Scientists have successfully used gene editing techniques to limit the spread of bird flu in chickens.
In a UK first, researchers have been able to restrict, but not completely block, the avian influenza virus from infecting the birds by precisely altering a small section of their DNA.
The modified birds showed no signs that the change had any impact on the animals’ health or well-being.
But the researchers say that while the findings are encouraging, further gene edits would be needed to produce chickens which cannot be infected by bird flu.
The study, carried out by researchers from the University of Edinburgh, Imperial College London and the Pirbright Institute, is published in the journal Nature Communications.
Professor Wendy Barclay, Head of the Department of Infectious Disease at Imperial College London, said: “This work is an exciting collaboration that fuses our expertise in virology with the world world-leading genetic capability at the Roslin Institute.
“Although we haven’t yet got the perfect combination of gene edits to take this approach into the field, the results have told us a lot about how influenza virus functions inside the infected cell and how to slow its replication.”
In the latest study, researchers aimed to test whether precise edits to the chicken’s genome could potentially generate birds which are resistant to the virus.
The team bred chickens with small edits to a gene called ANP32A. During an infection, influenza viruses hijack the ANP32A protein to help replicate themselves.
But when the gene-edited birds were exposed to a normal dose of virus (the H9N2 strain of avian influenza), 9 out of 10 birds remained uninfected and there was no spread to other chickens.
When the birds were exposed to an artificially high dose of virus, only half of them became infected. The single gene edit also provided some protection against transmission, with a much lower amount of virus in infected gene-edited birds compared to non-edited birds.
In addition, the edit also helped to limit onward spread of the virus to just one of four non-edited chickens placed in the same incubator. There was no transmission to gene-edited birds.
Analysis revealed that in the edited birds, the virus adapted to enlist the support of two related proteins to replicate – ANP32B and ANP32E.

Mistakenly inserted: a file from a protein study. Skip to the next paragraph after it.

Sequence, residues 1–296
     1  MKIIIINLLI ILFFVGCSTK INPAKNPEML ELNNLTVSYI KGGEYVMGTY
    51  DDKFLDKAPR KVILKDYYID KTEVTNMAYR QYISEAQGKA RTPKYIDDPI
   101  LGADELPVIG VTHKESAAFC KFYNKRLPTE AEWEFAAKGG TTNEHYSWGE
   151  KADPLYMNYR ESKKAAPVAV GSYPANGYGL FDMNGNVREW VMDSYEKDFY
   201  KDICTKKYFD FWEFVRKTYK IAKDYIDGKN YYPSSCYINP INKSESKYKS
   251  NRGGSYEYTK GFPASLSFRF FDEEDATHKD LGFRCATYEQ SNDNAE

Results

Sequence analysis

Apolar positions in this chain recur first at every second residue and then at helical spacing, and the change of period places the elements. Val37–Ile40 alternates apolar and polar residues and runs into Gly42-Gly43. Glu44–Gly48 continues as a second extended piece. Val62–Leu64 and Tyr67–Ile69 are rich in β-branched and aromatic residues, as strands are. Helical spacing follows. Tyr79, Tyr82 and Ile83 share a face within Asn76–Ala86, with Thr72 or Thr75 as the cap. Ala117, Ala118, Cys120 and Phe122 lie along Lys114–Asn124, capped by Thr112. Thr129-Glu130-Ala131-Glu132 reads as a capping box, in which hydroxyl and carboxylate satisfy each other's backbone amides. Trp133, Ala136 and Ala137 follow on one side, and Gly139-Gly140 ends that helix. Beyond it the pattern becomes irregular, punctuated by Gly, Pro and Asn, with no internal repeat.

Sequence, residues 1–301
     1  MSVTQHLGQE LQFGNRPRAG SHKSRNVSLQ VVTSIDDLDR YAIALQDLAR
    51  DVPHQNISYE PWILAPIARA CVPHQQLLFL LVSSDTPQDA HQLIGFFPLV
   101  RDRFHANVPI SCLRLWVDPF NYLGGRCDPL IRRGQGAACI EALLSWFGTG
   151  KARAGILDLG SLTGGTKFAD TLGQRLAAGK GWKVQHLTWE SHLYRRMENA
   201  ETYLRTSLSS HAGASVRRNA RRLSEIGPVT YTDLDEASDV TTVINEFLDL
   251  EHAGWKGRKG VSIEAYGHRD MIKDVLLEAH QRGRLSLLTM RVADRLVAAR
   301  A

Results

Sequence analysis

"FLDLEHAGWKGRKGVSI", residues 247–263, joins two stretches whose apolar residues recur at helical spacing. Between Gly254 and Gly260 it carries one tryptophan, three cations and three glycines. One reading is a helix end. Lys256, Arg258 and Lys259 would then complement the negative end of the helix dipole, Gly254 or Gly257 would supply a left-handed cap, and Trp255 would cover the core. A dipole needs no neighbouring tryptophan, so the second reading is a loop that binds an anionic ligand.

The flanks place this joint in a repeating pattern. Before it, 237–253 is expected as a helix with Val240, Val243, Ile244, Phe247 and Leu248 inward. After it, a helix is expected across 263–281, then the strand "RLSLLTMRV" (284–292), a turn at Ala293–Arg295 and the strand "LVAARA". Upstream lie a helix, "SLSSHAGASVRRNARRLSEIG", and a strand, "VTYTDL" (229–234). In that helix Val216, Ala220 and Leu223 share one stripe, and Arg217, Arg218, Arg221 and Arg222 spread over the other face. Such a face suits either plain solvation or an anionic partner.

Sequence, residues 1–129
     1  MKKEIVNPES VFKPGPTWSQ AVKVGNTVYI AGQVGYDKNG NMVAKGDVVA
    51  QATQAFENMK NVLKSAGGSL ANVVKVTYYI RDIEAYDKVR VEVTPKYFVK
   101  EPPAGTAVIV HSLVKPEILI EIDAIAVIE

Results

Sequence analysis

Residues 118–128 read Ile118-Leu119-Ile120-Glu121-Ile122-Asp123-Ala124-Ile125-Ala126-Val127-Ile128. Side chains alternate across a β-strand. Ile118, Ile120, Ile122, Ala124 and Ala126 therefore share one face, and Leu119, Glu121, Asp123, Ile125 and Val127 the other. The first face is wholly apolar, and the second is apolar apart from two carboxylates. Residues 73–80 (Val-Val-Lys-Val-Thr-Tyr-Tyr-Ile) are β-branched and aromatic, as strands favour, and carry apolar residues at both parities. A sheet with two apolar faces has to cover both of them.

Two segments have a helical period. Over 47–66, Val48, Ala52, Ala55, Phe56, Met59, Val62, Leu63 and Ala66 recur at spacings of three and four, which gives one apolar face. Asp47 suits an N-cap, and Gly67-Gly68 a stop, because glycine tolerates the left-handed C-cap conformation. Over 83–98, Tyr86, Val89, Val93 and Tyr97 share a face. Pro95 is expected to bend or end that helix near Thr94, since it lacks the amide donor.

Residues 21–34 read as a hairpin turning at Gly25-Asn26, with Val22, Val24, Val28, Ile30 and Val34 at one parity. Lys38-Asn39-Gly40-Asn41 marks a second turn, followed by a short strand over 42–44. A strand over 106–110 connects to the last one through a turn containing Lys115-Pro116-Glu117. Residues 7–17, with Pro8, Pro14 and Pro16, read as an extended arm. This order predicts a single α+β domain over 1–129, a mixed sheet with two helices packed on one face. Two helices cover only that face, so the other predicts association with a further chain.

Following lab tests, the researchers found some of the mutations may enable the virus to utilise the human version of ANP32, but replication remained low in cell cultures from the human airway. The researchers stress that additional genetic changes would be needed for the virus to have the potential to infect and spread effectively in humans.
According to the team, the findings demonstrate that a single gene edit is not robust enough to produce resistant chickens. To prevent the emergence of viruses able to adapt to the single edit, the team next used a triple edit to target additional proteins (ANP32A, ANP32B and ANP32E) in lab-grown chicken cells.
In cell cultures in the lab, growth of the virus was successfully blocked in cells with edits to all three genes.
In future, researchers hope to develop chickens with this triple edit, but no birds have been produced at this stage.
According to the researchers, the study highlights the importance of responsible gene editing and the need to be alert to the risks of driving viral evolution in unwanted directions if complete resistance is not achieved, experts say.
Professor Mike McGrew, from the University of Edinburgh’s Roslin Institute and principal investigator of the study, said: “Bird flu is a great threat to bird populations. Vaccination against the virus poses a number of challenges, with significant practical and cost issues associated with vaccine deployment.
“Gene-editing offers a promising route towards permanent disease resistance, which could be passed down through generations, protecting poultry and reducing the risks to humans and wild birds. Our work shows that stopping the spread of avian influenza in chickens will need several simultaneous genetic changes.”
The research was funded by UKRI Biotechnology and Biological Sciences Research Council.